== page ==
Over the years sellers of businesses have often been able to limit their risk of post-closing indemnification claims from the buyer using indemnification caps, deductibles and threshold provisions in purchase agreements.
It is quite common for a buyer to agree to cap the amount of damages it can recover from the seller for the seller’s breach of a purchase agreement.
Our seller was an Akron based private equity firm specializing in investments in distressed or underperforming middle market and mature companies. Through subsidiaries, it owned and operated a chemical division that chiefly sold research and development services to biotech, pharmaceutical, food, flavor, fragrance and specialty chemical customers.
The seller sold the chemical division to the buyer for $27 million; consisting of $8.4 million payable in cash to the seller at closing and an assumption of $18.6 million of seller debt. The buyer also agreed to pay the seller an earnout of $5.5 million if the business hit an earnings target for the first year after the closing.
The buyer and seller’s relationship soured after the closing. The buyer was disappointed with the post-closing performance of the chemical division and the seller did not receive its earnout. They ended up in an Ohio federal district court.
The buyer accused the seller of understating the costs of the business by almost $2 million. Specifically, the seller had represented and warranted that the 2016 business costs were as stated in a schedule attached to the asset purchase agreement. The $27 million purchase price would probably be too high if the chemical division’s 2016 costs were understated by $2 million; given the chemical division’s value was probably based at least in part on a multiple of earnings.
The buyer’s claim then led to a dispute over the amount of the indemnification cap. In other words, what is the seller’s maximum exposure to the buyer for understating the costs of the business?
The indemnification cap provision in the asset purchase agreement capped the seller’s liability for a breach of its representation and warranties to 10% of the “aggregate purchase price actually paid” by the buyer to the seller. The buyer argued that the cap was $2.7 million; arguing that the “aggregate purchase price” was $27 million. The seller disagreed and said that the cap was $840K which is 10% of the $8.4 million aggregate purchase price “actually paid” to the seller; not including the $18.6 million seller debt assumed by the buyer.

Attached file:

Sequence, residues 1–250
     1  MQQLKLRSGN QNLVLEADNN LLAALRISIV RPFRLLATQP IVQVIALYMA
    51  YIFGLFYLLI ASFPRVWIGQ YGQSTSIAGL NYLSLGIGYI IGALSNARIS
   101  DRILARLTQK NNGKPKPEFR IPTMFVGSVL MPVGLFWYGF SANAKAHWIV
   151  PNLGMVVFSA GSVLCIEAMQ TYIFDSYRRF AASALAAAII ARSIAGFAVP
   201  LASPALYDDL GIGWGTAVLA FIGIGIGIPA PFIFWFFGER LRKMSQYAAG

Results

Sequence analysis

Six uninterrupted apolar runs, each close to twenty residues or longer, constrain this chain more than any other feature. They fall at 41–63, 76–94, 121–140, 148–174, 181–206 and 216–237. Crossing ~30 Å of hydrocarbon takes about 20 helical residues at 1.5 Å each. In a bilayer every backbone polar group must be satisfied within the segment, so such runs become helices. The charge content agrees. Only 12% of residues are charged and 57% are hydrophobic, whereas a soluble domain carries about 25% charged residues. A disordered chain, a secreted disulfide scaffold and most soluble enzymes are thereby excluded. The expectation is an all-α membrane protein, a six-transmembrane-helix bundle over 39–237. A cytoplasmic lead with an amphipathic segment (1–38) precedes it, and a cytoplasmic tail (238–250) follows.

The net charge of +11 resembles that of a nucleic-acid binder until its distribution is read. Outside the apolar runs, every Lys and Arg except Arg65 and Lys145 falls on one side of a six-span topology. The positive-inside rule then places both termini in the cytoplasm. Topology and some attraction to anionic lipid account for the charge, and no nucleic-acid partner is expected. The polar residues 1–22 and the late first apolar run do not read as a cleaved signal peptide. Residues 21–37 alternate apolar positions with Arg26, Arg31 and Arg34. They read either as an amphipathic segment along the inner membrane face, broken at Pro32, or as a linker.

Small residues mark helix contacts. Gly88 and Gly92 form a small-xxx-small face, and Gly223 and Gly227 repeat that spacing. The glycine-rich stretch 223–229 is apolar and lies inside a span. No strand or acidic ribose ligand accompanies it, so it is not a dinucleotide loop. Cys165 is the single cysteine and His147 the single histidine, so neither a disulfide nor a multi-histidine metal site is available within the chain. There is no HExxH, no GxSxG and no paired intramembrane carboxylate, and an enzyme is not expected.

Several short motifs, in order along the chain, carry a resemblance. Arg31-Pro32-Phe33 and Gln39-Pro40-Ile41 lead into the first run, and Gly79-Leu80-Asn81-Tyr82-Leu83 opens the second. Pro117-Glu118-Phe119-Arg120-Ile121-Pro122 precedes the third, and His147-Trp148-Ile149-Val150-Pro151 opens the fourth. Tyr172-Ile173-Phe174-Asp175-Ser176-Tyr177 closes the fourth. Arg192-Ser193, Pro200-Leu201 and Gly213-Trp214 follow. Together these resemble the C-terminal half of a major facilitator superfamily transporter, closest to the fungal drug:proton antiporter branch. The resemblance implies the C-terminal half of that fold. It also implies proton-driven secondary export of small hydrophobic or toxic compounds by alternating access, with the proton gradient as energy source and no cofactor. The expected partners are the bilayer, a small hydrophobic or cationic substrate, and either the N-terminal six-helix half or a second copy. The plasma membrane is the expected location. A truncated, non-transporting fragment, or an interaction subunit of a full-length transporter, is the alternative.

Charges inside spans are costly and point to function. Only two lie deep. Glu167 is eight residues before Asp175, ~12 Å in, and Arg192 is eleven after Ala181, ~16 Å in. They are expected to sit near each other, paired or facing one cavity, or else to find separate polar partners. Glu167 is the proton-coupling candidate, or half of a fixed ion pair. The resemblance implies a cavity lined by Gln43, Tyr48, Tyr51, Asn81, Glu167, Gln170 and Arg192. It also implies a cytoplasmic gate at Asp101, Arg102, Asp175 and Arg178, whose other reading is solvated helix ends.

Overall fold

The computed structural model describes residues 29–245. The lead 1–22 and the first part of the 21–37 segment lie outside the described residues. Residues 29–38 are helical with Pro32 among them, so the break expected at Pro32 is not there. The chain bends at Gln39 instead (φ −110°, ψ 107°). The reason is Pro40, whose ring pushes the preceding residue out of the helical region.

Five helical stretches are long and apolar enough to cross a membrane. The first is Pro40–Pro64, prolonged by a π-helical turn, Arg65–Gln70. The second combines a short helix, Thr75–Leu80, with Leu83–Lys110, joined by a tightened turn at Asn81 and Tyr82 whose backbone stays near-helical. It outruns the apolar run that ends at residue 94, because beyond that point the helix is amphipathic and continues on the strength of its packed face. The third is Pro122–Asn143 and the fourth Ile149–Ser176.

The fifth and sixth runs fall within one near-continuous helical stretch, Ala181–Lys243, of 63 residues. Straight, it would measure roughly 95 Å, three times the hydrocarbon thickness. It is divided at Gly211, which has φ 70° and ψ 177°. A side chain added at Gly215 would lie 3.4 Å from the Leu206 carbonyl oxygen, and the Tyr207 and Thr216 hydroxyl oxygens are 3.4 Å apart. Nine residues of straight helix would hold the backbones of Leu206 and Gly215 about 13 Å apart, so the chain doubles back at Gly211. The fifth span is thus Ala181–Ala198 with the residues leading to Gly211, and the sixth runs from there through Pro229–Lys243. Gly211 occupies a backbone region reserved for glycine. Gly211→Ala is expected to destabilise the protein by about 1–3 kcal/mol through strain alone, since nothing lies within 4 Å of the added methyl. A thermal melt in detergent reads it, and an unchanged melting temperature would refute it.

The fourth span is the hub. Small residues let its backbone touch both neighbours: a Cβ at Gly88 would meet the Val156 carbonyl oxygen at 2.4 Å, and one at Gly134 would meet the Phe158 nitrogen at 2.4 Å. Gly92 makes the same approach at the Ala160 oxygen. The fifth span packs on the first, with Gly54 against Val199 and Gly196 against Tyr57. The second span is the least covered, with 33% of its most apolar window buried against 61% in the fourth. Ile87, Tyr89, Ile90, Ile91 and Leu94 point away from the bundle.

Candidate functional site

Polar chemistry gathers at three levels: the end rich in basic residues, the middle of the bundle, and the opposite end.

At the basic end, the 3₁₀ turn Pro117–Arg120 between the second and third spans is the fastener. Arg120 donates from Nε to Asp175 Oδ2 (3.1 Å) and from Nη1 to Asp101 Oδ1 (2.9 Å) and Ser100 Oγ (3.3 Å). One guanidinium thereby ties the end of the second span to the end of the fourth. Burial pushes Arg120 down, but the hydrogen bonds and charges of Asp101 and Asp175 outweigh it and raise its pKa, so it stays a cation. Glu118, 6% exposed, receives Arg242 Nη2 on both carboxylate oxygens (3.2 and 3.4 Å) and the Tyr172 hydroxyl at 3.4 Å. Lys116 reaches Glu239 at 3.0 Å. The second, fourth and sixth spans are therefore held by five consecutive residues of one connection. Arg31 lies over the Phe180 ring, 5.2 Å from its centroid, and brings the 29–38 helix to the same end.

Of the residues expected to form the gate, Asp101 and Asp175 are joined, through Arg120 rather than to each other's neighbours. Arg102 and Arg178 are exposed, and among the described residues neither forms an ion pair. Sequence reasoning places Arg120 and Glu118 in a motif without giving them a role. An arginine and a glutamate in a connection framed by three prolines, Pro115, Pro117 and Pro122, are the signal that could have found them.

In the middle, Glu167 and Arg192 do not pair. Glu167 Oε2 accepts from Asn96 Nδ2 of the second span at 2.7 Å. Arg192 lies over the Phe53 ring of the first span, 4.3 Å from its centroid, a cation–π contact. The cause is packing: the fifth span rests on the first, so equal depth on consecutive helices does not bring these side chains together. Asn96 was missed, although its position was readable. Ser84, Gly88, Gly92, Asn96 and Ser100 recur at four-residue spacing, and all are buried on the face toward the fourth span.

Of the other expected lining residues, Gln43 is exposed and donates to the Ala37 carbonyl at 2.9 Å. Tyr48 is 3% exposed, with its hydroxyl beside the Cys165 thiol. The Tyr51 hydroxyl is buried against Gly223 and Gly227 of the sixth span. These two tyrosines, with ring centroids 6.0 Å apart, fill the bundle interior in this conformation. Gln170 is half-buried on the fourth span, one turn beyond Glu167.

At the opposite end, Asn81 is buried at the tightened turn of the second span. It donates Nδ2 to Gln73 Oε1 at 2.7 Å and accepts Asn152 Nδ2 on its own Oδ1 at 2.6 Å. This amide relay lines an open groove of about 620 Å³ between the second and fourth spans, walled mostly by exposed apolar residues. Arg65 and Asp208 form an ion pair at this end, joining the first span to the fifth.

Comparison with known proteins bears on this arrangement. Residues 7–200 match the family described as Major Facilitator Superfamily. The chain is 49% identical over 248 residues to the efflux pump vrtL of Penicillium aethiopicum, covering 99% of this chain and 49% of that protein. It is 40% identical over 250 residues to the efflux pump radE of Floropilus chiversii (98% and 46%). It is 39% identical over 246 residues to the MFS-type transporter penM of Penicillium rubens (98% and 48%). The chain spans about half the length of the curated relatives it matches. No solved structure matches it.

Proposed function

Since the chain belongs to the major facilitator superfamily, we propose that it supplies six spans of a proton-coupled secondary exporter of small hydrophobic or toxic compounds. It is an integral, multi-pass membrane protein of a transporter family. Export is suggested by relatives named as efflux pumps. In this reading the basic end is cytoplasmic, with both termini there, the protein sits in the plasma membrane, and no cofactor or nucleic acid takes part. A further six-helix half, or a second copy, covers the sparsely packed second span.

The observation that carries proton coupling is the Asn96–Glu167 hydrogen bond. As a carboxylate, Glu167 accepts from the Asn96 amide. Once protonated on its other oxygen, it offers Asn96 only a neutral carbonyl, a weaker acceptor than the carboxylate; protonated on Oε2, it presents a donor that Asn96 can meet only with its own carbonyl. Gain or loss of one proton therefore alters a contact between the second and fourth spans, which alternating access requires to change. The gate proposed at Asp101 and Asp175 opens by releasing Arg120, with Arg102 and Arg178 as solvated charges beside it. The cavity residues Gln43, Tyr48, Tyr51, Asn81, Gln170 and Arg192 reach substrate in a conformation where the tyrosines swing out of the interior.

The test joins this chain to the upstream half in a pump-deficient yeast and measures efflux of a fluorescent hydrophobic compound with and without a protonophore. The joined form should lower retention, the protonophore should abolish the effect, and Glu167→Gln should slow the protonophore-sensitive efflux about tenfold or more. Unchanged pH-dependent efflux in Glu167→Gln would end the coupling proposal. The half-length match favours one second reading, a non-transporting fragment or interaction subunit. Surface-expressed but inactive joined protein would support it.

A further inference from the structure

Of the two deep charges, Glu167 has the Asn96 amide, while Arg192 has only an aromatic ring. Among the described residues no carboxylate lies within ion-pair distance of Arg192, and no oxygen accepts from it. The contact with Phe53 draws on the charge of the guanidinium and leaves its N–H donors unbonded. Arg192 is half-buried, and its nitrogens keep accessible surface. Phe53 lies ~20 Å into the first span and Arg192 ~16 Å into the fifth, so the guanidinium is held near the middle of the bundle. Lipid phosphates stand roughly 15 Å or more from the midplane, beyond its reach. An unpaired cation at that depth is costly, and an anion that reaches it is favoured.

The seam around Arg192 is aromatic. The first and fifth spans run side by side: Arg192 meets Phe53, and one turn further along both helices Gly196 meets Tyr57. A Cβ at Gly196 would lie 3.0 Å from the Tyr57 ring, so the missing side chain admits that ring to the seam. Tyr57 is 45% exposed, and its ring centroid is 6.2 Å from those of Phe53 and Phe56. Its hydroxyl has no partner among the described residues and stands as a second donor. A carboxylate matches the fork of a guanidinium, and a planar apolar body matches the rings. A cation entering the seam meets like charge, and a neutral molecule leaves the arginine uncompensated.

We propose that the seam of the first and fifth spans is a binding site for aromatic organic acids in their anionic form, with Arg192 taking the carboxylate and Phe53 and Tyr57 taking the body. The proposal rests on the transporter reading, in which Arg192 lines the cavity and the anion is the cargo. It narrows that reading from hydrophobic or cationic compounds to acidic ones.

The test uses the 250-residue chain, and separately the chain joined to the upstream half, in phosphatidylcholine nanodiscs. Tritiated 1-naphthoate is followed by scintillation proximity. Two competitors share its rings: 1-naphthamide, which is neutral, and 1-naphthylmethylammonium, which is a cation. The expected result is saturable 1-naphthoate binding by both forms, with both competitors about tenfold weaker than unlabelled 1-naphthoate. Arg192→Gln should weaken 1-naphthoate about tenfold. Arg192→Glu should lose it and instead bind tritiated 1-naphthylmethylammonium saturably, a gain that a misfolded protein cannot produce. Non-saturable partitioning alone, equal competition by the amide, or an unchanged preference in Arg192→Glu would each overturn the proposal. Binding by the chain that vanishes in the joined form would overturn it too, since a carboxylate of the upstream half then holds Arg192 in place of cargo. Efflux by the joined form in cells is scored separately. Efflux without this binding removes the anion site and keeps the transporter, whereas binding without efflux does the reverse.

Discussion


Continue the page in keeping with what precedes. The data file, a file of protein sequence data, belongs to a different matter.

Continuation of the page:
The court held that the provision could be read either way and so the dispute must go to trial and not be disposed of in this preliminary proceeding.
This case is referred to Main Market Partners, LLC v. Olon Ricerca Bioscience LLC, Case No. 1:18-CV-916, United States District Court, N.D. Ohio, (April 9, 2019) https://scholar.google.com/scholar_case?case=4976259500205573361&q=%22asset+purchase+agreement%22&hl=en&scisbd=2&as_sdt=2006&as_ylo=2017#r
Indemnification provisions are part of the “boilerplate”. But they are often the first thing that the buyer and seller lawyers look for in the purchase agreement when a post-closing fight breaks out. They are often the first thing that a seller lawyer looks for when reviewing the buyer’ lawyer’s first draft of the purchase agreement.
In 20/20 hindsight, the buyer and seller should have tightened up the cap language. How? One way would be keep it simple and cap it at a specific amount such as $2.7 million.
By John McCauley: I help companies and their lawyers minimize legal risk associated with small U.S. business mergers and acquisitions (transaction value less than $50 million).
Telephone: 714 273-6291
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